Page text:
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The debate over the issue of immigration has been raging for years now, culminating in a nationwide demand for general immigration law reform-with states attempting to take matters into their own hands by passing immigration enforcement laws. For the most part, these forays into immigration legislation by states have been struck down by the United States Supreme Court. However, as immigration reform looms in the future of Congressional action, open questions still remain as to what avenues states have left to participate in immigration regulation. This Comment will attempt to answer those questions by analyzing the development of immigration law and how the recent Supreme Court decision in Arizona v. United States is currently being applied.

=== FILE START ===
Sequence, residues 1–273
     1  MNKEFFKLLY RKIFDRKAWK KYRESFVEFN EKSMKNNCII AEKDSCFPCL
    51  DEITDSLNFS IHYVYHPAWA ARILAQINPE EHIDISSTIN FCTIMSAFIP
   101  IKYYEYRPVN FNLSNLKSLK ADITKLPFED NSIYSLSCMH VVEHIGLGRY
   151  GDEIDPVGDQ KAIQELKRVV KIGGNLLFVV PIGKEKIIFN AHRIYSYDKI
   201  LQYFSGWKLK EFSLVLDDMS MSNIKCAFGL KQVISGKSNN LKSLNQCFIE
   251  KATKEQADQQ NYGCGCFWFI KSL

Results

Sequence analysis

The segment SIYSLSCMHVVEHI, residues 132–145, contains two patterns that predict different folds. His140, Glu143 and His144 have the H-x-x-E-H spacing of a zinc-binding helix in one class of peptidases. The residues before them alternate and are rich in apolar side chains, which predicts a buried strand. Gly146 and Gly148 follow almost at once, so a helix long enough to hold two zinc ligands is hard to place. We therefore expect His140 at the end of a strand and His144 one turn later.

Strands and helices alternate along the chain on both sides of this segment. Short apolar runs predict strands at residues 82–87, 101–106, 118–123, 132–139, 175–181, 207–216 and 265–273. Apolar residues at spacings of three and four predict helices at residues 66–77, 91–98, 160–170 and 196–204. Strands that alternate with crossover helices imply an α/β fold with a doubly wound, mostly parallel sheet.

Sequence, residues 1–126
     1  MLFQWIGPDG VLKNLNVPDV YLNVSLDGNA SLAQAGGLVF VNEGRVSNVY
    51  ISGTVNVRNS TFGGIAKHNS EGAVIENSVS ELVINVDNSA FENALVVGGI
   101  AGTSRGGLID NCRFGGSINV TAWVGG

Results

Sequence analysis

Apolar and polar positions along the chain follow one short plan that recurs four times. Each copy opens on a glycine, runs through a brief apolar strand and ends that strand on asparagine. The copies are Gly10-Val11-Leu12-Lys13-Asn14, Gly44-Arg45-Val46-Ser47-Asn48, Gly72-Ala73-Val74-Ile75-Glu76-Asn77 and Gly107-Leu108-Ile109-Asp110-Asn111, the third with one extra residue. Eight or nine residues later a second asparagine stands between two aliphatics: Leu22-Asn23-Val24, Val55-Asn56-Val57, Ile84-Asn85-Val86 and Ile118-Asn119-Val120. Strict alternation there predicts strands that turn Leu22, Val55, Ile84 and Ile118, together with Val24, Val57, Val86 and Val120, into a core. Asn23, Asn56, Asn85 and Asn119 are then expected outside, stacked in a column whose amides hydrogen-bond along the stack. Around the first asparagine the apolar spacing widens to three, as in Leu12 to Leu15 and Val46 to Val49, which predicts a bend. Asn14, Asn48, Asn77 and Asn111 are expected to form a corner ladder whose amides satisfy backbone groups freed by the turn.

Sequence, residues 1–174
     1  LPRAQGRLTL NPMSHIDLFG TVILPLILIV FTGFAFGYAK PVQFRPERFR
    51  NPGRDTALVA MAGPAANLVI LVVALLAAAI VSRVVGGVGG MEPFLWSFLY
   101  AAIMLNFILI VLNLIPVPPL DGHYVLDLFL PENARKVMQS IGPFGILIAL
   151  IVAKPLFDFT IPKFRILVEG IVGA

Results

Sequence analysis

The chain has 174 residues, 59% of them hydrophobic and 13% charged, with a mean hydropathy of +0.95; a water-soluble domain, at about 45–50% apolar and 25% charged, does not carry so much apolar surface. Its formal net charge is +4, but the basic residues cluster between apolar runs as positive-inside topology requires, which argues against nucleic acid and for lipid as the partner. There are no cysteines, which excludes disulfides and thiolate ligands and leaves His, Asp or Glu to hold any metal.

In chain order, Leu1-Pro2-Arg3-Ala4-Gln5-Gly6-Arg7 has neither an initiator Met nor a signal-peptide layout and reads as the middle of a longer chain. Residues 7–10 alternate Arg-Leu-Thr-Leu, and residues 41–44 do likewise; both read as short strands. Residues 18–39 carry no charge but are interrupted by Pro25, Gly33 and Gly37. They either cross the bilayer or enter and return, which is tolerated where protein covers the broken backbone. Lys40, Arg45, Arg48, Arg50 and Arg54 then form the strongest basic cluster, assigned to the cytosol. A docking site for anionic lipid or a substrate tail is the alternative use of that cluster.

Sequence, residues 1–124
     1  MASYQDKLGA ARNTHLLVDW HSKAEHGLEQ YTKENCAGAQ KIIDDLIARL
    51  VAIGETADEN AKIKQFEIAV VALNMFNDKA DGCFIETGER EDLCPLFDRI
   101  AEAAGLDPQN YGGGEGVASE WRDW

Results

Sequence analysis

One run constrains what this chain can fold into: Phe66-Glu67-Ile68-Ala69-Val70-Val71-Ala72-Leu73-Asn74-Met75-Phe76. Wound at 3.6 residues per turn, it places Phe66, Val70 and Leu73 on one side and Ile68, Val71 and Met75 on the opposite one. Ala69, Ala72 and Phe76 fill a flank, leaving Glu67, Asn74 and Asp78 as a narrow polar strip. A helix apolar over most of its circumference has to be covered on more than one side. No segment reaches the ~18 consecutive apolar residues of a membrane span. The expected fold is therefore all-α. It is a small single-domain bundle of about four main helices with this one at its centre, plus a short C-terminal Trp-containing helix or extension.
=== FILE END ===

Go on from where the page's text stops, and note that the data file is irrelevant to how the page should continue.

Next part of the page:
Specifically, this Comment will answer the question of what power, if any, remains for the states to regulate immigrants within their own borders. First, Part II looks at the history of cases regarding immigration regulation, focusing on the preemption doctrine and its application to immigration. Part III follows the creation of the plenary-power doctrine by the Supreme Court and how Congress subsequently developed immigration law. Part IV begins by reviewing Arizona, then analyzing how Arizona has since been applied in two recent cases from the United States Court of Appeals for the Eleventh Circuit. Part V speculates what impact a recent decision concerning the Defense of Marriage Act (DOMA) may have on immigration. Part VI looks at what avenues states still have to regulate immigrants without conflicting with federal law. Finally, to show the importance of not only passing reform, but passing the right kind of reform, Part VII looks at the vast impact some of the harshest self-deportation legislation had on Alabama.